5

I am trying to SSH through a jumpbox, but SSH seems to be intent on checking host keys for the jumpbox, even though I'm telling it not to, using the normal -o StrictHostKeyChecking=no -o UserKnownHostsFile=no command line options.

If I SSH directly to the jumpbox, I can have SSH ignore the error as expected:

ssh -o StrictHostKeyChecking=no -o UserKnownHostsFile=/dev/null -i ~/.ssh/id_jumpuser_rsa jumpuser@jumpbox

However, if I add the proxy jump option, I suddenly get the error. The error is NOT coming from the jumpbox there are no known_hosts files in any .ssh directory on the jumpbox, nor am I logging in as the jumpuser:

ssh -o StrictHostKeyChecking=no -o UserKnownHostsFile=/dev/null -i ~/.ssh/id_jumpuser_rsa -J jumpuser@jumpbox jumpuser@10.10.0.5

The error message:

@@@@@@@@@@@@@@@@@@@@@@@@@@@@@@@@@@@@@@@@@@@@@@@@@@@@@@@@@@@
@    WARNING: REMOTE HOST IDENTIFICATION HAS CHANGED!     @
@@@@@@@@@@@@@@@@@@@@@@@@@@@@@@@@@@@@@@@@@@@@@@@@@@@@@@@@@@@
IT IS POSSIBLE THAT SOMEONE IS DOING SOMETHING NASTY!
Someone could be eavesdropping on you right now (man-in-the-middle attack)!
It is also possible that a host key has just been changed.
The fingerprint for the ECDSA key sent by the remote host is
<redacted>.
Please contact your system administrator.
Add correct host key in /home/user/.ssh/known_hosts to get rid of this message.
Offending ECDSA key in /home/user/.ssh/known_hosts:10
  remove with:
  ssh-keygen -f "/home/user/.ssh/known_hosts" -R jumpbox
ECDSA host key for jumpbox has changed and you have requested strict checking.
Host key verification failed.
ssh_exchange_identification: Connection closed by remote host

Where user is my regular user, not the user I am attempting to SSH as.

I have no clue what's going on here. Does SSH have a special override forcing hostkey checking for proxy jump situations? If so, it's supremely irritating, as it's going to make local VM provisioning a real pain.

10

The ProxyJump issues another ssh process, that does not inherit the command-line arguments that you specify on the command-line of the first ssh command. There are two possible ways out:

  • Use these options in configuration file in ~/.ssh/config -- it can save you a lot of typing too!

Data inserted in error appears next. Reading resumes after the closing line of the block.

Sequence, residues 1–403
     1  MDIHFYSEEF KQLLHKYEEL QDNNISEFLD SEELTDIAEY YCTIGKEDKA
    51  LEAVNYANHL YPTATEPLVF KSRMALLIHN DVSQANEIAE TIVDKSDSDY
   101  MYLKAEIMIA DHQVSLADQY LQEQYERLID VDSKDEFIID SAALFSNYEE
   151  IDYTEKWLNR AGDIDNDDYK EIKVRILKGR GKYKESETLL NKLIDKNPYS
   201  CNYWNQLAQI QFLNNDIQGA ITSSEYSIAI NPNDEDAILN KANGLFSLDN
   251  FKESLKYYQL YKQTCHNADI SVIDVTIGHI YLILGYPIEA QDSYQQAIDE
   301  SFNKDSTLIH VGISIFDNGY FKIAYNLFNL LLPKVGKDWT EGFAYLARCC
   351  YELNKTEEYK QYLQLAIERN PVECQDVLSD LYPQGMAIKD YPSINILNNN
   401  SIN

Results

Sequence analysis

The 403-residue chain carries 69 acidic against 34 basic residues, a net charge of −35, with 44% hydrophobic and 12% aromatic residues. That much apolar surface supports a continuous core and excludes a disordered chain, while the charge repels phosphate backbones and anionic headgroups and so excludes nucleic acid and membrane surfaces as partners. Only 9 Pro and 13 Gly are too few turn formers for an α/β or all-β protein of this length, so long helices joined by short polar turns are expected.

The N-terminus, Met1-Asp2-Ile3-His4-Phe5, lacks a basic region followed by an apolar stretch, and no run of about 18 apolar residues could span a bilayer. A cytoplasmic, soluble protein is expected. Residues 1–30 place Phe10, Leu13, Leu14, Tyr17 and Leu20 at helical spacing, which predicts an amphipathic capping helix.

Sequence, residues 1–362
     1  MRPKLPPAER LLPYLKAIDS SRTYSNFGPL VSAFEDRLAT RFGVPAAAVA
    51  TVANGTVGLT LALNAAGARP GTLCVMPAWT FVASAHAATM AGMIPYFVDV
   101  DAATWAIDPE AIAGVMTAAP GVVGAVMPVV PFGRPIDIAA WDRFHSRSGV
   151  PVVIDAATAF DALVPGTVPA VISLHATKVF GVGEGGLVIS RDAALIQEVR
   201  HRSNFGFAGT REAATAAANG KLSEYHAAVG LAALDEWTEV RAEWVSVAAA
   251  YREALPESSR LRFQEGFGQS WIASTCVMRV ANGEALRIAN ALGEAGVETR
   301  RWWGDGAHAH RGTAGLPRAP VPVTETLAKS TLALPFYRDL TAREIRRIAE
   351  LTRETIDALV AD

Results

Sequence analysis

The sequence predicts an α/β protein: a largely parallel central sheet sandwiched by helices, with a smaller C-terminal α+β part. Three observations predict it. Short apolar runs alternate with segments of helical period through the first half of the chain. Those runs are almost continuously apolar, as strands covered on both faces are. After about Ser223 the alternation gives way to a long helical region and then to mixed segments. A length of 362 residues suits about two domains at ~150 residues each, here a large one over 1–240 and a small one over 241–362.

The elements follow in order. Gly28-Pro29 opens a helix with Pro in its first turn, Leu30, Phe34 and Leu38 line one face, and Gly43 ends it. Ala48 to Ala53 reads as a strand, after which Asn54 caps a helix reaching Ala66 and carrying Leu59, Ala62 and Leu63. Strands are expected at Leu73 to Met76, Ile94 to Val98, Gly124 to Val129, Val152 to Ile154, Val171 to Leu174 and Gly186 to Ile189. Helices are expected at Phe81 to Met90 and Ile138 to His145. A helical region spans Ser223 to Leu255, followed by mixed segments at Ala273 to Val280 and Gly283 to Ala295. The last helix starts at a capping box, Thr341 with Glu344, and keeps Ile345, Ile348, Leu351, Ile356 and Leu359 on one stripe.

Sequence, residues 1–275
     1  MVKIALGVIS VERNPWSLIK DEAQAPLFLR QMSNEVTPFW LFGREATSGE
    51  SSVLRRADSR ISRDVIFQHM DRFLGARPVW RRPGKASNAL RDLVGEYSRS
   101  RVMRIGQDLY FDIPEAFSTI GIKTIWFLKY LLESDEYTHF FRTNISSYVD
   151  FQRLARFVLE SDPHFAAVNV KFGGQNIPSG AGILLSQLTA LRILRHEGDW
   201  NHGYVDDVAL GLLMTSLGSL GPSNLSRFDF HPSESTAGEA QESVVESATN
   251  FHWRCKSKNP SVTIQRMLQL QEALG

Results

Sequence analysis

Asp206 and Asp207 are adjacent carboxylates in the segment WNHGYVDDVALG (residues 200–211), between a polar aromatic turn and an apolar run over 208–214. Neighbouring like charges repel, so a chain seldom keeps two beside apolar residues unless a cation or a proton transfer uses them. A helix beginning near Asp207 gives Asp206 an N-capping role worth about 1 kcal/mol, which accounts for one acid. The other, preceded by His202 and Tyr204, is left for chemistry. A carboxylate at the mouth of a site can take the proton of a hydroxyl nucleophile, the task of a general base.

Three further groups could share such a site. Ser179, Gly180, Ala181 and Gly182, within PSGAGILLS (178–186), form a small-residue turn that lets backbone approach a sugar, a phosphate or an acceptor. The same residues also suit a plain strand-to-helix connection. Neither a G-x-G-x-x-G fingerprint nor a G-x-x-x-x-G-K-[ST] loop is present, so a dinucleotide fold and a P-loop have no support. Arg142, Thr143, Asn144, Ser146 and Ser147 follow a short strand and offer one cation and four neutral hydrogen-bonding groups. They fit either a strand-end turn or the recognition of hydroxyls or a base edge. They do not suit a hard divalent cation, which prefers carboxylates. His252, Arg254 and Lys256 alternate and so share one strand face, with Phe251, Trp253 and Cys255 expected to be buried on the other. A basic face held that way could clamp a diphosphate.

Host jumpbox
      User jumpuser
      StrictHostKeyChecking=no
      UserKnownHostsFile=/dev/null
      IdentityFile ~/.ssh/id_jumpuser_rsa
    

    and then you can connect just as ssh -J jumpbox jumpuser@10.10.0.5.

  • Use ProxyCommand option instead -- it does the same job, but more transparently so you can see what is actually going on there:

    ssh -o ProxyCommand="ssh -o StrictHostKeyChecking=no -o UserKnownHostsFile=/dev/null -i ~/.ssh/id_jumpuser_rsa -W %h:%p jumpuser@jumpbox" -i ~/.ssh/id_jumpuser_rsa jumpuser@10.10.0.5

  • After mucking about with Ansible and nested quotes, I was able to get this to work correctly. I did not realize there is a subprocess, though it makes sense. – siride Mar 22 '17 at 21:38
  • BTW, since you are an OpenSSH maintainer, do you know if this is something that could be fixed in the implementation? I don't see why those flags can't be passed on to the derived process. – siride Mar 22 '17 at 21:50
  • 2
    It is quite new feature. I don't know about any plans to change it, but I will have a look tomorrow, if it will be useful and possible. – Jakuje Mar 22 '17 at 21:53
  • So I tried the ssh -J jumpbox 10.10.0.5 kind of approach by adding StrictHostKeyChecking no in the Host jumpbox part of my config. And I continue to get the Offending ECDSA Key in ~/.ssh/known_hosts:line# message. Could it be the jumpbox server is overriding the option? Using local ssh version OpenSSH_7.6p1, LibreSSL 2.6.2 – dlamblin Feb 21 '18 at 5:23
  • And is the jumbox hostkey changed or the target server one? – Jakuje Feb 21 '18 at 8:22
0

From @Jakuje excellent answer, I made this script for generic file retrieval through a bastion host:

#!/usr/bin/env bash
set -e

ME=$(basename $0)
log_() { echo "[$ME] $@"; }

PRIVATE_IP=$1
BASTION=$2
SOURCE=$3
TARGET=$4
USER=${5:-ubuntu}
BASTION_USER=${6:-$USER}

log_ Copying ${USER}@${PRIVATE_IP}:${SOURCE} to ${TARGET} via ${BASTION_USER}@${BASTION}

scp -o StrictHostKeyChecking=no -o UserKnownHostsFile=/dev/null \
    -o ProxyCommand="ssh -o StrictHostKeyChecking=no -o UserKnownHostsFile=/dev/null -l ${BASTION_USER} -W ${PRIVATE_IP}:22 ${BASTION}" \
    ${USER}@${PRIVATE_IP}:${SOURCE} ${TARGET}

It is useful if you are provisioning a private host inside a data center.

-1

Being an avid Google'er, and this my first result for stackoverflow.

To ssh through a jumpbox/bastion without all the hassle, and without system modifications, etc. Then you must use StrictHostKeyChecking=no both for the proxied session, the jumper. Also you must use StrictHostKeyChecking=no in your proxy_command.

Additionally, don't get too smart for yourself and try to use UserKnownHostsFile=/dev/null for either session or proxy_command, because the your shell will lose context when piping and just fail. I didn't troubleshoot any further.

This command was discovered while cleanly downloading a file from newly minted instance to my local workstation via Terraform local-exec provisioner

ssh -i ssh_server_key.pem -o StrictHostKeyChecking=no -o ProxyCommand="ssh -o StrictHostKeyChecking=no -i ssh_server_key.pem ec2-user@<BASTION_IP> nc <INTERNAL_IP> 22" ubuntu@<INTERNAL_IP>
  • I would not recommend this. It's not necessarily, first of all. And secondly, it breaks a security feature. You also don't need to use nc now that SSH supports jumping directly. Use the accepted answer. – siride Feb 18 at 3:50

Your Answer

By clicking “Post Your Answer”, you agree to our terms of service, privacy policy and cookie policy

Not the answer you're looking for? Browse other questions tagged or ask your own question.